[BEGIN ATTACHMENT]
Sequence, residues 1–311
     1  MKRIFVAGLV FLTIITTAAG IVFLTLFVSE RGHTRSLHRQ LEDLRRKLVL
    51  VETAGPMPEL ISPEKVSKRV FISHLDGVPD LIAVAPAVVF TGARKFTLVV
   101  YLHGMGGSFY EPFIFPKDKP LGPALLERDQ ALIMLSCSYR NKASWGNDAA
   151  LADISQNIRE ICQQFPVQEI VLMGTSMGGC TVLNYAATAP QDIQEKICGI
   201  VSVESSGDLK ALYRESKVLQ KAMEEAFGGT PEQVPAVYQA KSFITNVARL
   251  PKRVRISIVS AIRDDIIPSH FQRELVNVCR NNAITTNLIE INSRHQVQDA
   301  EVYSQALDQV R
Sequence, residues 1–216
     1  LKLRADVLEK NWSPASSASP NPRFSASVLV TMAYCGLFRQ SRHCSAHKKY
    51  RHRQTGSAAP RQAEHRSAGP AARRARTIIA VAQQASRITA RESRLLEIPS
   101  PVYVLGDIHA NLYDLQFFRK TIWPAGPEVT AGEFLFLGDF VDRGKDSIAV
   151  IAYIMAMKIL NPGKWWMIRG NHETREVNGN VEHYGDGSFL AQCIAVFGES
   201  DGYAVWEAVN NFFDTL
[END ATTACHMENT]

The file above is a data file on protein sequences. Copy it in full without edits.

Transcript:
Sequence, residues 1–311
     1  MKRIFVAGLV FLTIITTAAG IVFLTLFVSE RGHTRSLHRQ LEDLRRKLVL
    51  VETAGPMPEL ISPEKVSKRV FISHLDGVPD LIAVAPAVVF TGARKFTLVV
   101  YLHGMGGSFY EPFIFPKDKP LGPALLERDQ ALIMLSCSYR NKASWGNDAA
   151  LADISQNIRE ICQQFPVQEI VLMGTSMGGC TVLNYAATAP QDIQEKICGI
   201  VSVESSGDLK ALYRESKVLQ KAMEEAFGGT PEQVPAVYQA KSFITNVARL
   251  PKRVRISIVS AIRDDIIPSH FQRELVNVCR NNAITTNLIE INSRHQVQDA
   301  EVYSQALDQV R
Sequence, residues 1–216
     1  LKLRADVLEK NWSPASSASP NPRFSASVLV TMAYCGLFRQ SRHCSAHKKY
    51  RHRQTGSAAP RQAEHRSAGP AARRARTIIA VAQQASRITA RESRLLEIPS
   101  PVYVLGDIHA NLYDLQFFRK TIWPAGPEVT AGEFLFLGDF VDRGKDSIAV
   151  IAYIMAMKIL NPGKWWMIRG NHETREVNGN VEHYGDGSFL AQCIAVFGES
   201  DGYAVWEAVN NFFDTL